Ohio Law Would Bar Community Networks From Broadband Expansion Program

HB 13, a law moving through the Ohio state legislature, creates the state’s first-ever residential broadband expansion program in order to address an access gap faced by hundreds of thousands of households across the state. Unfortunately, it bars municipally owned networks and electric cooperatives from participating in the $20 million pot of funds aimed at extending Internet access to areas with significant connectivity challenges. 

How It Would Work

The bill — titled “Establish Residential Broadband Expansion Program” — passed the Ohio House of Representatives on June 11 of this year, and takes aim at addressing last-mile connections and bringing more Ohioans online. If passed, it would create a $20 million fund and effect regulatory changes to provide subsidies for private entities in the state to extend their networks and connect more people. 

HB 13 establishes a number of conditions that have to be cleared for projects to be eligible. First, areas included can’t already include projects that have gotten money from the federal programs like Connect America Fund or the FCC's upcoming Rural Digital Opportunity Fund taking place this fall. 

Second, the bill establishes a score mechanism that privileges areas that are unserved and underserved. Projects addressing unserved areas top the list: it defines the latter as lacking access to download speeds of 10 Megabits per second (Mbps) and upload speeds of 1 Mbps. The bill then favors “Tier 2” projects (which provide a minimum of 25/3 Mbps service) to either unserved areas or to “Tier 1” areas (those where download speeds come in between 10 Mbps and 25 Mbps and upload speeds are between 1 Mbps and 3 Mbps). 

Finally, HB 13 provides extra consideration for projects aimed at “distressed areas,” projects that can demonstrate in-kind or other financial contributions that have already been approved, those that utilized public Rights-of-Way, and those that demonstrate advantages in terms of the speed of the buildout or future scalability.

Problem Provisions and Vague Definitions

Bill co-sponsor Rick Carfagna, who worked as Government Relations Manager for Time Warner Cable for 14 years, emphasized the need to move quickly:

The ongoing COVID-19 pandemic has underscored how critically important it is for Ohioans to have access to reliable high-speed internet. As so many of our economic, educational, and social activities have shifted to virtual platforms, the divide between those who have access to the internet and those who do not has been exacerbated. We believe that the enhancements made to House Bill 13 represent a meaningful step toward closing that gap.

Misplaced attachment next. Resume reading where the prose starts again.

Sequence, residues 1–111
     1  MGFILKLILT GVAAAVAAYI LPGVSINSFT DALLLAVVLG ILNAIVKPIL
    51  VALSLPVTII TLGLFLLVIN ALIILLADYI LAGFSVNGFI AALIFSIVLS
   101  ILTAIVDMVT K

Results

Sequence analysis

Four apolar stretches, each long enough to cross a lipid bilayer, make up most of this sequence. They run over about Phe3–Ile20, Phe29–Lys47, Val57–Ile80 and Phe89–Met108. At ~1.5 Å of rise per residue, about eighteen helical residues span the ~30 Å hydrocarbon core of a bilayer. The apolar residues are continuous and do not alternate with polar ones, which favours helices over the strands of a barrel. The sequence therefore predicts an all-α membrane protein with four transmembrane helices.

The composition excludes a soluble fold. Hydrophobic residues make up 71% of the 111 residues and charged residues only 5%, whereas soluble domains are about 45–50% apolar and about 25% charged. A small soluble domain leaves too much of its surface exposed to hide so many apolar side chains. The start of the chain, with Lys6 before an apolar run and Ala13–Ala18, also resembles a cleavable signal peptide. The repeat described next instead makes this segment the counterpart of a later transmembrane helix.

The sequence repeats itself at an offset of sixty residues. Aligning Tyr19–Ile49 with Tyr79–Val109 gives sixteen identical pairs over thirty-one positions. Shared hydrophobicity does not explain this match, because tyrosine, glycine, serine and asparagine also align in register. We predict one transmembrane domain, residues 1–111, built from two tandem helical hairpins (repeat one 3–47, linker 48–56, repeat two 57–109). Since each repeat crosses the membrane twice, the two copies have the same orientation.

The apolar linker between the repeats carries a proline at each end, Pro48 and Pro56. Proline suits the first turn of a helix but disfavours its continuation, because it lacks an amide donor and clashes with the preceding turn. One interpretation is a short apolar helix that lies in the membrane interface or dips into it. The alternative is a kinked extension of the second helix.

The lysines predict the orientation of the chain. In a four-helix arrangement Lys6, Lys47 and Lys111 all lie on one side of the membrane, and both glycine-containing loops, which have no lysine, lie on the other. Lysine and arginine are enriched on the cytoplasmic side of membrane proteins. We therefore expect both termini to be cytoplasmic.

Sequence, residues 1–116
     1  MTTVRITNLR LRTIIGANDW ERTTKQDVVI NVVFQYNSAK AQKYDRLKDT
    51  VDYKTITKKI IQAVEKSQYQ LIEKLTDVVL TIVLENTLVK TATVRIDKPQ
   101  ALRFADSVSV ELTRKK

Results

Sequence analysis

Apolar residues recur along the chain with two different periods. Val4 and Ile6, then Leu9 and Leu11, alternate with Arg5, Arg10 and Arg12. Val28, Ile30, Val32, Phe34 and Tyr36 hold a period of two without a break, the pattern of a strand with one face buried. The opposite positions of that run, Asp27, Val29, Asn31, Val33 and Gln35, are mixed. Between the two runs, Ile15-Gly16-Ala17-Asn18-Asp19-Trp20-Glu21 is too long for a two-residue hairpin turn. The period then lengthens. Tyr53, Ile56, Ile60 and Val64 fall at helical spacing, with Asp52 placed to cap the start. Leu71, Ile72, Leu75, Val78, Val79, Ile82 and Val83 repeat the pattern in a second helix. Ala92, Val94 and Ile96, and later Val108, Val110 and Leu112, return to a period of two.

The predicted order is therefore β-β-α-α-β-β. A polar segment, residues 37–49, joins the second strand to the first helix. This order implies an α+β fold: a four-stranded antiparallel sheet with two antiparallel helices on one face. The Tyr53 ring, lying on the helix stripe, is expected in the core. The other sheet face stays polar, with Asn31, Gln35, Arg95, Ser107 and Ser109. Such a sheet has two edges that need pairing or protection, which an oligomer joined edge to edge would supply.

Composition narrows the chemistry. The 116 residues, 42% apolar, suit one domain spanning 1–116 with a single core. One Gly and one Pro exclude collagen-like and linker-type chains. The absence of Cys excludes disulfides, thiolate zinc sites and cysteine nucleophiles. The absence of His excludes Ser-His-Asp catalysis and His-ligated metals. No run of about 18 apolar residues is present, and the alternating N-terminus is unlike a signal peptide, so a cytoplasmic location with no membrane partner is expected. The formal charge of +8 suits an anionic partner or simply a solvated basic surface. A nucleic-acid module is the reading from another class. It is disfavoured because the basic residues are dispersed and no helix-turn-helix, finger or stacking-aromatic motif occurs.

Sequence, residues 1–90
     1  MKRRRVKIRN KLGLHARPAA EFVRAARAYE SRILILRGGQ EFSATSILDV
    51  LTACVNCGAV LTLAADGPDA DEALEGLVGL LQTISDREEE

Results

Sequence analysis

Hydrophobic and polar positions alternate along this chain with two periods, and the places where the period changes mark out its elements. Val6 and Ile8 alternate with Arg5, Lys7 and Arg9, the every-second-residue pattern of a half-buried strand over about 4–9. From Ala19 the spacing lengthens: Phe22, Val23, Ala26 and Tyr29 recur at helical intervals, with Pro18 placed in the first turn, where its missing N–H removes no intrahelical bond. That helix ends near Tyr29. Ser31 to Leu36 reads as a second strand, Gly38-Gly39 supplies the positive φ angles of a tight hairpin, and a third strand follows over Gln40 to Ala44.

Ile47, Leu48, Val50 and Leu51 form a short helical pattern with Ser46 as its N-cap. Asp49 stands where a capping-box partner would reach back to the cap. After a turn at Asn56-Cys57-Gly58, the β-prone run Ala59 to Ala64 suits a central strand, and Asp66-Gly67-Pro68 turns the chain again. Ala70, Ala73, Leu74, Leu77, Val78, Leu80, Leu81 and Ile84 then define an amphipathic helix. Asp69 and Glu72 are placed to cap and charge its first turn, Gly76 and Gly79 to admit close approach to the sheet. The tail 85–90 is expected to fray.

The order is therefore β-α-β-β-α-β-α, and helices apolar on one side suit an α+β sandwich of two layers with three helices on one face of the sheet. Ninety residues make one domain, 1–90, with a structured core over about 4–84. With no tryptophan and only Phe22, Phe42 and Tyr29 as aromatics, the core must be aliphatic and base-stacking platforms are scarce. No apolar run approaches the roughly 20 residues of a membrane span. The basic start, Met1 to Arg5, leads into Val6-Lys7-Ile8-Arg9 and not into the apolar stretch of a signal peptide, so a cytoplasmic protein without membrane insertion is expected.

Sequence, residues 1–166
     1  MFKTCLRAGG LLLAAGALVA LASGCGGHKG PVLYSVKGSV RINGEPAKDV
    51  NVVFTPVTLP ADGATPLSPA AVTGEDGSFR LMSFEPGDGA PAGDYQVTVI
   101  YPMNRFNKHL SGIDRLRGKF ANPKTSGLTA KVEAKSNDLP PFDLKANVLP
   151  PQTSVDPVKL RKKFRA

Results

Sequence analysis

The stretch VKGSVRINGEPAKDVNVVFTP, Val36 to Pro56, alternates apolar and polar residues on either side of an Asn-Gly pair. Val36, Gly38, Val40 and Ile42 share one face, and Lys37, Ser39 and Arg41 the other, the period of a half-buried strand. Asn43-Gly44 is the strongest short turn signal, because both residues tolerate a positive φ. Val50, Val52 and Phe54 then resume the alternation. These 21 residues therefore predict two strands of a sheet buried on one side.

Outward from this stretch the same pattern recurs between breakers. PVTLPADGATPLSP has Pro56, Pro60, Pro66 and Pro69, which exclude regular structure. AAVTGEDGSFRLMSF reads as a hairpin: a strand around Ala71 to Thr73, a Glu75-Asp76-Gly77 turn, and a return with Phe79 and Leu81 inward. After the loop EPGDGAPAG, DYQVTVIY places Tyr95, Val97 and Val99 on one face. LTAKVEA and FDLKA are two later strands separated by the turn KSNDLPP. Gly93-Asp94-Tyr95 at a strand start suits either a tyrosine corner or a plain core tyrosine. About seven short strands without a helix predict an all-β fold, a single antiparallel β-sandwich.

But the bill contains provisions that seem problematic if the intent is to provide more Ohioans to high-speed, reliable Internet access as fast as possible. 


Most disappointing is that electric cooperatives and municipal networks are explicitly prohibited by the bill from applying for funds to extend networks and provide retail service to customers. Money can go to video service providers, telecommunications providers, satellite providers, and wireless providers, but not governmental, quasi-governmental entities, electric utilities, or any affiliates of electric utilities. Electric utilities can serve as “broadband facilitators” to get service via their lines out to priority unserved areas, extending existing middle-mile and backhaul networks in order to lease bandwidth to private entities using the funds to complete connections to homes, but neither they nor their affiliates can act as retail providers themselves. 

This excludes a number of publicly owned networks and utilities from participating. Electric cooperaties like Consolidated Electric Cooperative would be prohibited. So would municipal networks like FairlawnGig and the Medina County Fiber Network (MCFN). FairlawnGig was just named to Broadband Communities’ Fiber-to-the-Home Top 100 list for 2020, and placed third in the North Central Region in PC Mag’s list of best-performing ISPs in 2020. It has also created hundreds of jobs in the area and consistently returns high customer satisfaction rates. MCFN, which we featured in a podcast episode in December of last year, continues to invest in Medina County and provide gigabit speeds to those living in north-central Ohio. 

The Ohio Farm Bureau, the Ohio Rural Development Alliance, and the Mid-Ohio Regional Planning Commission (MORPC) have all come out in support of the bill, though the MORPC has suggested revisions so that non-profits, municipal governments, and electric cooperatives be allowed to participate. The commission also argued for higher minimum speed standards for projects that receive funds.

Digital Deserts in the Buckeye State

At least a million Ohioans across 300,000 households lack Internet access presently. HB 13 is intended to address this need as well as fulfill key goals of the state’s Broadband Strategy [pdf] initiative. The state faces particular childhood health and economic obstacles, according to the study, and broadband expansion is supposed to be a key component to remedying those challenges. In 2019 the Buckeye Hills Regional Council issued a report which found that 80-90% of rural households in the state had no access to broadband services, and more than ¾ lacked access to connections of 25/3Mbps or higher. 

The bill passed 81-8 and was sent on to the Senate on June 17. On June 30 was referred to the Energy and Public Utilities Committee. If signed into law, it would be funded through biennium by funds from the Ohio Development Services Agency.

Read the full bill here.

Map courtesy of InnovateOhio's Broadband Mapping Project

Inline image by Max Mustermann from Pixabay